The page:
Dissociable representations of environmental size and complexity in the human hippocampus

Baumann, Oliver and Mattingley, Jason B. (2013) Dissociable representations of environmental size and complexity in the human hippocampus. Journal of Neuroscience, 33 25: 10526-10533. doi:10.1523/JNEUROSCI.0350-13.2013

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Author Baumann, Oliver
Mattingley, Jason B.
Title Dissociable representations of environmental size and complexity in the human hippocampus
Journal name Journal of Neuroscience   Check publisher's open access policy
ISSN 0270-6474
Publication date 2013-06-01
Year available 2013
Sub-type Article (original research)
DOI 10.1523/JNEUROSCI.0350-13.2013
Open Access Status File (Publisher version)
Volume 33
Issue 25
Start page 10526
End page 10533
Total pages 8
Place of publication Washington, United States
Publisher Society for Neuroscience
Language eng
Abstract The hippocampus is widely assumed to play a central role in representing spatial layouts in the form of "cognitive maps." It remains unclear, however, which properties of the world are explicitly encoded in the hippocampus, and how these properties might contribute to the formation of cognitive maps. Here we investigated how physical size and complexity, two key properties of any environment, affect memory-related neural activity in the human hippocampus. We used functional magnetic resonance imaging and a virtual maze-learning task to examine retrieval-related activity for three previously learned virtual mazes that differed systematically in their physical size and complexity (here defined as the number of distinct paths within the maze). Before scanning, participants learned to navigate each of the three mazes; hippocampal activity was then measured during brief presentations of static images from within each maze. Activity within the posterior hippocampus scaled with maze size but not complexity, whereas activity in the anterior hippocampus scaled with maze complexity but not size. This double dissociation demonstrates that environmental size and complexity are explicitly represented in the human hippocampus, and reveals a functional specialization for these properties along its anterior-posterior axis.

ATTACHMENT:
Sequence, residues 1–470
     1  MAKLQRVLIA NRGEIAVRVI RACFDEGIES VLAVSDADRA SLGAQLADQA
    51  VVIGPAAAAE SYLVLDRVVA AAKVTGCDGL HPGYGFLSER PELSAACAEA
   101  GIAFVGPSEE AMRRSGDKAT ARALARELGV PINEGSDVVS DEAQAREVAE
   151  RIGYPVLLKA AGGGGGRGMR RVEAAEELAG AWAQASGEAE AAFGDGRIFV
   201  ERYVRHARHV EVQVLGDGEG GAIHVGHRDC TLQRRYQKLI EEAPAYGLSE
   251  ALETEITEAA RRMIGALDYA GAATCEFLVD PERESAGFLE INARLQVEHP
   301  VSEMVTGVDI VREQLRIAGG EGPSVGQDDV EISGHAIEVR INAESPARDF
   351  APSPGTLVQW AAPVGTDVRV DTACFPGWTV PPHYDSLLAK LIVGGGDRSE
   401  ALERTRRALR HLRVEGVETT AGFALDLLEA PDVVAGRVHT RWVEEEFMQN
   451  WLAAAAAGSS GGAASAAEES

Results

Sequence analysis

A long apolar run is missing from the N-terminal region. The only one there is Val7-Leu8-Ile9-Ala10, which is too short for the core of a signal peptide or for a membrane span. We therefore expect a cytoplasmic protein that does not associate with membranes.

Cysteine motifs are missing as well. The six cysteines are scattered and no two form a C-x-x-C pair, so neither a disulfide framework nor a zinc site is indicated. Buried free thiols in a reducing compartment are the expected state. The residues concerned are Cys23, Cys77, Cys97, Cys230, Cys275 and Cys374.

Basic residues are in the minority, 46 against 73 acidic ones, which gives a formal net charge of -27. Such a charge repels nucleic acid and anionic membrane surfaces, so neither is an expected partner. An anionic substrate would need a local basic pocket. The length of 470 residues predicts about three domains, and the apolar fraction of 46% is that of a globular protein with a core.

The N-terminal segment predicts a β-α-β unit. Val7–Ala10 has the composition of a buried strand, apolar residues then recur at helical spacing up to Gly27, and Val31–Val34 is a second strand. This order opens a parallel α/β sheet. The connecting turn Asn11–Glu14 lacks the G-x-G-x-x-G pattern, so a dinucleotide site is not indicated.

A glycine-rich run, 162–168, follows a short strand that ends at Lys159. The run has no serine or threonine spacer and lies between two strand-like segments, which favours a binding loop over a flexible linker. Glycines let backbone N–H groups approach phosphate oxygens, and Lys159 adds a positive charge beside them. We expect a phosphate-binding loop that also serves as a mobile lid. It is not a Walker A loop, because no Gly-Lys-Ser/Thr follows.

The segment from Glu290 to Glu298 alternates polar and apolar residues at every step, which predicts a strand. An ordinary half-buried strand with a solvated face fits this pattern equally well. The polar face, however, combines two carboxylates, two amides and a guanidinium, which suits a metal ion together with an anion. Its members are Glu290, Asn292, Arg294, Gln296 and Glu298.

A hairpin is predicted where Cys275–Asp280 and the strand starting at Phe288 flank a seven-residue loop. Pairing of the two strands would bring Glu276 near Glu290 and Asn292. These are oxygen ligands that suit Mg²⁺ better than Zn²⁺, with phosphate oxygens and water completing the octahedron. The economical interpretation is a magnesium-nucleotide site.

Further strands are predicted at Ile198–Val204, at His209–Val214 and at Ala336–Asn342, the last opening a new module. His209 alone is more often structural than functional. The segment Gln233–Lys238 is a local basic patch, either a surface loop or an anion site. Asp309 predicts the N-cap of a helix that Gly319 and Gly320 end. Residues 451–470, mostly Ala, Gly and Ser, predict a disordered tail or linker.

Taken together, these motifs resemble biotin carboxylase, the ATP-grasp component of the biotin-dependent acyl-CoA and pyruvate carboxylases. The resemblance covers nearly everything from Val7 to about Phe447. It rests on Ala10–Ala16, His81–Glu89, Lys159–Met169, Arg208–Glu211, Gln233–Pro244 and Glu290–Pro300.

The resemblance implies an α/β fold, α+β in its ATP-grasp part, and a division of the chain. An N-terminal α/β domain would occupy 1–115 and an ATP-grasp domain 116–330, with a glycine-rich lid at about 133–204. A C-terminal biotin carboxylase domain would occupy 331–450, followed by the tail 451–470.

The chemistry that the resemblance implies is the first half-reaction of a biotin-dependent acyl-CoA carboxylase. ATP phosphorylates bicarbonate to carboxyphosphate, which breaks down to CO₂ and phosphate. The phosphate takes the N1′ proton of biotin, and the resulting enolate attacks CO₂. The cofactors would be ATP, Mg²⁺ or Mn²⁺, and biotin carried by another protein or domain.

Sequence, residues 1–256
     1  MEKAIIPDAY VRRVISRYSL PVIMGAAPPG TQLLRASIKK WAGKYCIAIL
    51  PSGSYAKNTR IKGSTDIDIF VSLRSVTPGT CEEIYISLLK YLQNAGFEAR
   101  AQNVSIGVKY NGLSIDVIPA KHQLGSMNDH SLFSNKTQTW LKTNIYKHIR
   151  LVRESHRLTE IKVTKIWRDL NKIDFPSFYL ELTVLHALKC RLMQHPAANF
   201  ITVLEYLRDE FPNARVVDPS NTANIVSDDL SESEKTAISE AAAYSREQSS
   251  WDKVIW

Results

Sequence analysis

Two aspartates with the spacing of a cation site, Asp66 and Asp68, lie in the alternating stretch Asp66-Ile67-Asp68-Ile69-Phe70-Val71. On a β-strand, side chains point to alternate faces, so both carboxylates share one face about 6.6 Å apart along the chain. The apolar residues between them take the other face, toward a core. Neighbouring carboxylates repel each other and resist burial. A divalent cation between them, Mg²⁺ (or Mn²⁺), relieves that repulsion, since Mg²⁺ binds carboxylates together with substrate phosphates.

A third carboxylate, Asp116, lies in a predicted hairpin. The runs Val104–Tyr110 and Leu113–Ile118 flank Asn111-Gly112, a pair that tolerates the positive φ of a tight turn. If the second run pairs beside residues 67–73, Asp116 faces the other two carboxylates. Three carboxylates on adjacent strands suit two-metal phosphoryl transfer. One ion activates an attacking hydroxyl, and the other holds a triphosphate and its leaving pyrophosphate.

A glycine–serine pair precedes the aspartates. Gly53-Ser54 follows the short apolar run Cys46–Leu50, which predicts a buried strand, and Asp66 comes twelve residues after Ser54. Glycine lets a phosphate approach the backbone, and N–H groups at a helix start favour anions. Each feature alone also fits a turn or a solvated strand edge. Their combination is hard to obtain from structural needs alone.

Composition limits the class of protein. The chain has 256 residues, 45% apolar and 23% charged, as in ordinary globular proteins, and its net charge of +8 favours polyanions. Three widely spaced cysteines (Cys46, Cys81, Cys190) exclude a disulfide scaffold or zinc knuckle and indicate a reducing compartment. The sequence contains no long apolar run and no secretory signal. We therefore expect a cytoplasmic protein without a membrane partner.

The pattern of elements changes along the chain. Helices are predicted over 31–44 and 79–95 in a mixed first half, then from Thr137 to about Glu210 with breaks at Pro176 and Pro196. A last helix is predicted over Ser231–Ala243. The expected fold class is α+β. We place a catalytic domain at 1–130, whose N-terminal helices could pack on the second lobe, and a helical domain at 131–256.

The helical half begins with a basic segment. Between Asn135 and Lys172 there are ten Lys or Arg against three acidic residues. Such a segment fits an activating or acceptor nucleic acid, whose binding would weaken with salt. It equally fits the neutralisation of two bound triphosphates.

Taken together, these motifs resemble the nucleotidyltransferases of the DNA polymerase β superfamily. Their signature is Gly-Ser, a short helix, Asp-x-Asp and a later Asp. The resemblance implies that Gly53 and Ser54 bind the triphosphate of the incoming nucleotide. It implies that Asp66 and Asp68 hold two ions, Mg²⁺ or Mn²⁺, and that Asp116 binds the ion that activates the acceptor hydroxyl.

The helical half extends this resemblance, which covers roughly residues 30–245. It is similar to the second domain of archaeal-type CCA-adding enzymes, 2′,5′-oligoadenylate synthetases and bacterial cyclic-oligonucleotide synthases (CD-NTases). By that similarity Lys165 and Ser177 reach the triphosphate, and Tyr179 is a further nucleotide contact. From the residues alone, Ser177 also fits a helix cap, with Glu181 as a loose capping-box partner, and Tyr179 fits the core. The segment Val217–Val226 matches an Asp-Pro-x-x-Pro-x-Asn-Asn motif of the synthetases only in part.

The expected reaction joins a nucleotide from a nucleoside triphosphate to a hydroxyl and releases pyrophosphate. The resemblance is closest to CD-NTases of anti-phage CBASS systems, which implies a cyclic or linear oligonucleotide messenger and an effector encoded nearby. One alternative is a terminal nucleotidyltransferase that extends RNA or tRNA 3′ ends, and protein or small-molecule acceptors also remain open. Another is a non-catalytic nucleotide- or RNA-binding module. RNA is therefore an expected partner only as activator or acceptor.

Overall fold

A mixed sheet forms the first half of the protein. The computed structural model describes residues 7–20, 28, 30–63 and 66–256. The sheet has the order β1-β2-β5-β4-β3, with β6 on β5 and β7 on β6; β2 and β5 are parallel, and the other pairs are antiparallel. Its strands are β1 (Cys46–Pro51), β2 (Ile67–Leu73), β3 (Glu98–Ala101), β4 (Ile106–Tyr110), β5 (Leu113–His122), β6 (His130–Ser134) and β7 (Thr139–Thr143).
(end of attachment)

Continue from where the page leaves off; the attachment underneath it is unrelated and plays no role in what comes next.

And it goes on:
Keyword Neurosciences
Neurosciences & Neurology
Q-Index Code C1
Q-Index Status Confirmed Code
Grant ID DE120100535
Institutional Status UQ

Document type: Journal Article
Sub-type: Article (original research)
Collections: Queensland Brain Institute Publications
Official 2014 Collection
School of Psychology Publications
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Citation counts: TR Web of Science Citation Count  Cited 10 times in Thomson Reuters Web of Science Article | Citations
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Created: Sun, 11 Aug 2013, 10:07:27 EST by System User on behalf of Queensland Brain Institute